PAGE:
There has been a lot written on many different platforms (seriously, the New York Times will NOT stop writing about this damn city) about how Portland is changing, and how rapidly. “Gentrification” is a pretty loaded word that is going a bit out of style amongst socially conscious/sensitive writers, but the headlines are all there: “Portland Officially Fastest-Gentrifying City in America,” “Young College Graduates Flocking to the Rose City,” “Whitest City in America Now the Most Gentrified,” and of course the most disheartening of them all, “Last African American Families Leave North Portland Neighborhood as Rents Rise,” “Portland Becomes Even Whiter as Rising Rents Force Urban Flight.”
Those are all made-up headlines, by the way, but they’re basically conglomerates of all the ones I’ve seen on all the social media and in all the print since I moved here.
And there it is, just there. The problem.
I moved here. I’m the problem. I am young, and white, and educated, and I love this city, and I want to walk with others and make the world less shitty, and I am part of the problem. What can I do with that knowledge?
People are moving to Portland more than almost any other American city, mostly because of its growing national reputation. On Portlandia and in the media, it’s presented (and, notably, presents itself) in a very specific way: “Come to Portland!”, Travel Portland shouts. “We’re weird and have lots of donuts and nature and enough brunch to keep yuppies very satisfied, but we’re still totally weird enough to make you feel cool for living here!” This is the official branding, and it’s definitely annoying, but it’s working. People are moving here. According to people I’ve talked to, both older people born here and aging activists who escaped here from some nowhere town when Portland was still really gray and gritty and full of taboo subcultures and street kids, when anywhere east of the river was considered “the bad part of town,” Portland doesn’t feel as authentic anymore. It’s lost a lot of that gritty heart that made it so special for people in the 80s and the 90s. It’s the world Chuck Klosterman writes about with nostalgia when he writes about Portland. It’s the rainy world Elliott Smith lived in when he wrote about, “Falling out sixth and Powell, a dead sweat in my teeth. Gonna walk, walk, walk, four more blocks plus the one in my brain.” Elliott Smith would fucking hate the line at Screen Door for chicken and waffles brunch on a Sunday. He’d probably write a really great, sad song about it, but he would fucking hate it.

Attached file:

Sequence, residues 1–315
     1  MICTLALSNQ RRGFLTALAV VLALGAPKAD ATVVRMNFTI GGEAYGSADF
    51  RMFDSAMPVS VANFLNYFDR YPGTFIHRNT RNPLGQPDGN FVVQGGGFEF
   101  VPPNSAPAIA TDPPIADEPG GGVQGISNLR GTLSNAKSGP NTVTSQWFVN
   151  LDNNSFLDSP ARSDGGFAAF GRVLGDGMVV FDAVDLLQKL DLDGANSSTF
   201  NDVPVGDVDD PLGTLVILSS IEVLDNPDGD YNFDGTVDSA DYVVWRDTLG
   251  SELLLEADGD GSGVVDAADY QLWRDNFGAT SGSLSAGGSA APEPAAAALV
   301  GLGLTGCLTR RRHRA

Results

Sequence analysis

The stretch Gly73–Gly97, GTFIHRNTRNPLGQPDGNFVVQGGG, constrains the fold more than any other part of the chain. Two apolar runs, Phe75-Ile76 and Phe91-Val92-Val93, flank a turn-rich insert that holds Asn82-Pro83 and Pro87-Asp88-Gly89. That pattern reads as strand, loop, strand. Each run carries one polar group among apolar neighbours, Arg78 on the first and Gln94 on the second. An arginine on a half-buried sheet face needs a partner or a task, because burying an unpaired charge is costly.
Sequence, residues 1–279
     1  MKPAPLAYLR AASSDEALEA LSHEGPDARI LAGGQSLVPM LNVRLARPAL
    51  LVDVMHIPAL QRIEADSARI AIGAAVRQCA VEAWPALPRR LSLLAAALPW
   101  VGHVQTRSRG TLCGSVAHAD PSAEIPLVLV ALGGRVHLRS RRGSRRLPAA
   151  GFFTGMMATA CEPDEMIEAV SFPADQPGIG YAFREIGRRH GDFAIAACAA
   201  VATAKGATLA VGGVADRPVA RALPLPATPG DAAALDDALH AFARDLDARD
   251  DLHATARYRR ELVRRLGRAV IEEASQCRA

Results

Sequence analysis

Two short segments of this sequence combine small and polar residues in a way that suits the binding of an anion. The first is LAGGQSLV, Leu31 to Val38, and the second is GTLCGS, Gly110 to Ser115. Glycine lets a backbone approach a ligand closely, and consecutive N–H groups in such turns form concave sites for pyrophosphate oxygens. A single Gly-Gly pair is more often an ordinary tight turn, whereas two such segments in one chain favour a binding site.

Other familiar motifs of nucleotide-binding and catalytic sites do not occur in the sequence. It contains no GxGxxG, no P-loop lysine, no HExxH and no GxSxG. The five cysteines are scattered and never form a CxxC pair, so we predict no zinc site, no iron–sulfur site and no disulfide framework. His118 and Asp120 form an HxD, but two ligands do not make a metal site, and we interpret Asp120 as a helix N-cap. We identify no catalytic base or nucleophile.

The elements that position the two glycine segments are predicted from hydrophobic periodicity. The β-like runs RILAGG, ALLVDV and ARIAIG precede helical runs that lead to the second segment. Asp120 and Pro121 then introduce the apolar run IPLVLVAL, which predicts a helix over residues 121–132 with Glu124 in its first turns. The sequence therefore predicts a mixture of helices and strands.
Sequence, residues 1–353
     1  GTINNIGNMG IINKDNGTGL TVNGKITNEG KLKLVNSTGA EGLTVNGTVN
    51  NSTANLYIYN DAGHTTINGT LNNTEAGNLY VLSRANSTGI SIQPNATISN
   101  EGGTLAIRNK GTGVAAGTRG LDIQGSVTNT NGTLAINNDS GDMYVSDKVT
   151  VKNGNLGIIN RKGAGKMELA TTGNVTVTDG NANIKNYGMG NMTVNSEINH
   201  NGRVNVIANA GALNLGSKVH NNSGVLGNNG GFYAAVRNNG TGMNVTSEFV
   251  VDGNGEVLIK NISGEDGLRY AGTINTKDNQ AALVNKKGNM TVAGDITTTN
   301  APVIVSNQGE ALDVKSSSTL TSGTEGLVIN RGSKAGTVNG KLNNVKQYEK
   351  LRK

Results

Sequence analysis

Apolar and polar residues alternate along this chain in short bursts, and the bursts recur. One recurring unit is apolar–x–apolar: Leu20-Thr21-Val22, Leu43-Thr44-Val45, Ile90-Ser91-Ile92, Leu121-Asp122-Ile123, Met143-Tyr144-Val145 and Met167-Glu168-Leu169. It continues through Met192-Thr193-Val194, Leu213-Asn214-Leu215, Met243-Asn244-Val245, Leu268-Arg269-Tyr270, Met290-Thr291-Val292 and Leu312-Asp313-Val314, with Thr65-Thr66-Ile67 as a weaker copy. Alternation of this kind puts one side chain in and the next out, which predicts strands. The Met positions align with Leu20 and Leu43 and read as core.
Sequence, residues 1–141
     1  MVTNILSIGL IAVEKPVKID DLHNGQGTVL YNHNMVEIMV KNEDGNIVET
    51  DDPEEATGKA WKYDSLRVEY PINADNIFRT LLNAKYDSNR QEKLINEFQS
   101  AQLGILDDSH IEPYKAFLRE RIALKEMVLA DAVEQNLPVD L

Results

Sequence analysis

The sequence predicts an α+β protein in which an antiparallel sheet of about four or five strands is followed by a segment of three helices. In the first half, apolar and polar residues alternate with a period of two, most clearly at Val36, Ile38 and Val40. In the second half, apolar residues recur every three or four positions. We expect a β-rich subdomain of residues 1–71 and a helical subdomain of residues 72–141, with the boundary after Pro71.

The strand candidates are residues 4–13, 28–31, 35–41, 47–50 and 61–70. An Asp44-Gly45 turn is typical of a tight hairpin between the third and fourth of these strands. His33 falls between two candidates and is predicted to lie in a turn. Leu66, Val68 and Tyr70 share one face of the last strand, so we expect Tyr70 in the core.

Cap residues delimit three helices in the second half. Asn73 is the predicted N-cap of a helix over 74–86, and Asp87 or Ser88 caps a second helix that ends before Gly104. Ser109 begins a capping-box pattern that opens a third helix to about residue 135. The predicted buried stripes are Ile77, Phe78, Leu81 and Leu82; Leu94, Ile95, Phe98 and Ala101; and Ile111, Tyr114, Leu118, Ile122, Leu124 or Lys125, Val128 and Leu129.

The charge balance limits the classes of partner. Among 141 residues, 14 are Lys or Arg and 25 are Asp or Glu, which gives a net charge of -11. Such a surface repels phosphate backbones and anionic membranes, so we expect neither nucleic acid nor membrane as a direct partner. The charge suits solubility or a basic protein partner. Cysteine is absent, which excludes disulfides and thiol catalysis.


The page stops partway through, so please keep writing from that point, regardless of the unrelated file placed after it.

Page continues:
I have not lived through this transition, because I am not from here. And because of that simple fact, I am part of the problem. In some way, I participate daily in the things about Portland that I’ve already come to hate. But I love this place. And I wonder if I might be allowed to belong here. Because for all of its fronting and its false-feeling image, there is a very real soul to Portland that has fed me and revived me and in which I have found an energy both nurturing and freeing. A soul in which I have found a home. As a girl growing up in southern Pennsylvania desperate just wanted to see and wander, I dreamed of the Pacific Northwest. I dreamed of the places I had seen on trips and continued to read about, where bicycles ruled the streets and people truly cared about the environment. Where people were more open-minded and where pine trees abounded. I dreamed of this place that I’m now in, and while of course I idealized it, my heart craved this place. And now I’ve been lucky enough to find myself here, in a city, a state, and a region that I have grown to love and that is both better and more flawed than I ever could have anticipated. When I am away, I crave the Northwest air. I crave the smell of rain on the moss as I bike through Portland’s streets. I don’t think I’ll stay here forever, but for now–man, this feels like home.
And that’s the problem, isn’t it? Who gets to call this place home? I’ve always considered myself socially aware and sensitive to the complexity of human society, and I’ve taken pride in that consciousness while always striving to know more and to dive deeper, to keep digging until I get to the complicated roots of what racism, sexism, colonialism, and hate has done to this planet and to the people and plants on it.